on May 9, 2013 at 2:15 PM
The Clover House by Henriette Lazaridis Power is a novel thick with heritage, history, and complicated relationships. The story alternates between Calliope (Callie) Notaris Brown-- in her
thirties in the present-- and her mother Clio-- in her teenage years in 1940's Greece.
After Callie's beloved Uncle
Nestor-- her mother's brother, the unofficial family historian-- dies
and leaves her with his house and belongings, she leaves for Patras (Clio's hometown) to
sort through everything.
As the plot unfolds we
learn more about the Notaris family struggles during WWII, the
relationships among the family members in the past and present, and the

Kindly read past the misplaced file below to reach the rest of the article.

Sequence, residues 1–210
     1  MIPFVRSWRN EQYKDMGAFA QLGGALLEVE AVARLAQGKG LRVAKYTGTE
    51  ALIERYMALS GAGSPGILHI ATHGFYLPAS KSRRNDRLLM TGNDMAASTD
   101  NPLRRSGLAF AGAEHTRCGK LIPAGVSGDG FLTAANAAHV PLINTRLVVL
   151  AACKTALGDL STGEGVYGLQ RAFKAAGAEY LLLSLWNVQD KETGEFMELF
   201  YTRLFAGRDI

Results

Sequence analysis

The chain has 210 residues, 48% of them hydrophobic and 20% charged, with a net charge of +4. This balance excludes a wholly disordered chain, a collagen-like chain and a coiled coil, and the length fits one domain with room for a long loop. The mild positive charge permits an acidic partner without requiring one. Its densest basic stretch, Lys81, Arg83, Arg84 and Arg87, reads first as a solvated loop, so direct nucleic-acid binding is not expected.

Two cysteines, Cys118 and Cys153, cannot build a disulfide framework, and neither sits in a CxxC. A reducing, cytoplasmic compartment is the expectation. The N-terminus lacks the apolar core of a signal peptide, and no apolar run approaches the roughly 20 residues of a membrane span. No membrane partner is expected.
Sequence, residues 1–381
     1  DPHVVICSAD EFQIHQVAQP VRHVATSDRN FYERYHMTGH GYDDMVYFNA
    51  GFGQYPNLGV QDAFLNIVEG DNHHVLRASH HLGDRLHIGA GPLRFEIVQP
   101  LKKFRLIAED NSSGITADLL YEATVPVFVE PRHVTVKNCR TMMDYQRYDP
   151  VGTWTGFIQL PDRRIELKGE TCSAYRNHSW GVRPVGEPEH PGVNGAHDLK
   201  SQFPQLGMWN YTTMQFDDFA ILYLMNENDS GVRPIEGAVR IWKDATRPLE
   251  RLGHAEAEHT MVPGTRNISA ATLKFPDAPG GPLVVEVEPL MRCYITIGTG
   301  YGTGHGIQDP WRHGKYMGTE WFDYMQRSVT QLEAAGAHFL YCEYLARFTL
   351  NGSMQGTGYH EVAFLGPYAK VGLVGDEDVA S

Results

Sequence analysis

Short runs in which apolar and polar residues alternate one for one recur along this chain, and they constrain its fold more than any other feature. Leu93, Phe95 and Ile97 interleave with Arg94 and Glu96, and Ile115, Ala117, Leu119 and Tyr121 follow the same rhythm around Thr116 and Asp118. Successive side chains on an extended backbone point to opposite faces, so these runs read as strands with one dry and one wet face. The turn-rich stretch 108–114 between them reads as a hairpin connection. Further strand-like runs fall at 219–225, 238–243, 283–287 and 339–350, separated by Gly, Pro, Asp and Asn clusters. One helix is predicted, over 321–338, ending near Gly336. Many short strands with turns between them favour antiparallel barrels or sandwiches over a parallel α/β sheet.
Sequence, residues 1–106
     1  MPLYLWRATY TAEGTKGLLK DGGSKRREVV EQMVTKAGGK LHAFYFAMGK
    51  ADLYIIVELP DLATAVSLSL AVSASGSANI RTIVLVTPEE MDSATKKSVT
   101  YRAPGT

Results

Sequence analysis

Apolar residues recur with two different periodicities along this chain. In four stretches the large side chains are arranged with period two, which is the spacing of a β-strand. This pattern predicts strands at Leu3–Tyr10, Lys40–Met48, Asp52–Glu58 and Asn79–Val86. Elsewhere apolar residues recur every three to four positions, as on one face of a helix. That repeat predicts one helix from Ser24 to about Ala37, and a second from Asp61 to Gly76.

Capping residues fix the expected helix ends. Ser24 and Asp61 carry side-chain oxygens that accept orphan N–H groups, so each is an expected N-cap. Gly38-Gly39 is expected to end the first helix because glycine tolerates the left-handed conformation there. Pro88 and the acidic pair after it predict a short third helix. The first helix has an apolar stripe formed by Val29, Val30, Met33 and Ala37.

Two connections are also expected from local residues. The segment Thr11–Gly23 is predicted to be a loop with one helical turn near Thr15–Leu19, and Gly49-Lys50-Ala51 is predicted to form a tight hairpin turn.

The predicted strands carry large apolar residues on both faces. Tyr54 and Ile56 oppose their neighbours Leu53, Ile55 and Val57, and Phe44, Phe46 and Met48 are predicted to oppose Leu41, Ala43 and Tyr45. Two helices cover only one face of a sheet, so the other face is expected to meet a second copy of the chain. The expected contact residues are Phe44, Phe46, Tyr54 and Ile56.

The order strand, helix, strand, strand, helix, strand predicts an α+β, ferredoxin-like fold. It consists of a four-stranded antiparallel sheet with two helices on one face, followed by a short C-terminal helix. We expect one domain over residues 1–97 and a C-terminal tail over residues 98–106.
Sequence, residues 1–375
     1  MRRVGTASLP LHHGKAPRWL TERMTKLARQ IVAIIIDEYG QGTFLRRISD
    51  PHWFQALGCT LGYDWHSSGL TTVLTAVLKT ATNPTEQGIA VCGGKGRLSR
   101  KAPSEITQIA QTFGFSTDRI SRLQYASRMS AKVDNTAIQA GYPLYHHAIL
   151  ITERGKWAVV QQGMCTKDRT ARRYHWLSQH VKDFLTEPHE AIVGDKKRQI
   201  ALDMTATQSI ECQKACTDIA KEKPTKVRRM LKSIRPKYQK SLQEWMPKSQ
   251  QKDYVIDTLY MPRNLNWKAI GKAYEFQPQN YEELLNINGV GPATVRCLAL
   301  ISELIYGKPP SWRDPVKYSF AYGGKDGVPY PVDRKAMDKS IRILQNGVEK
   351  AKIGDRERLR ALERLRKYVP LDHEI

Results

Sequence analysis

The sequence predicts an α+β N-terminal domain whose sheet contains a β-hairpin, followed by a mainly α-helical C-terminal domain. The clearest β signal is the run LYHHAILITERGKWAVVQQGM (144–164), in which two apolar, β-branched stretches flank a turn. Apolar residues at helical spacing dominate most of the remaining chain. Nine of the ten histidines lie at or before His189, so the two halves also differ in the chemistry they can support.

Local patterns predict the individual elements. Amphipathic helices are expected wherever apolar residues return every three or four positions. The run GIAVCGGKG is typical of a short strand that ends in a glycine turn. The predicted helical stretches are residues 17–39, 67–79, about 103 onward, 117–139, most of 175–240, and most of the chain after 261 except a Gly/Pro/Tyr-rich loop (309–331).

secrets and resentments harbored for many years. The novel also delves into Callie's apprehensions with her recent engagement-- a "commitment-phobia" originating from witnessing her parents' unhappy marriage-- as well as her rocky relationship with her mother.
(The author is first-generation Greek-American)
its core the book is about not allowing your past to dominate your future--reconciling the two to
form your cohesive self. And it is partly about
finding a balance between nationality and ethnicity in your identity
(as a second-generation Greek-American woman, that is something I really appreciate).
Clover House paints the Grecian landscape for the reader, offering an honest
portrayal of relationships, a realistic rendition of war, revolution, loss, and a very unique history and culture. This is a valuable, thought-provoking read that I highly recommend.
(pictures are borrowed from author's website and publisher's website)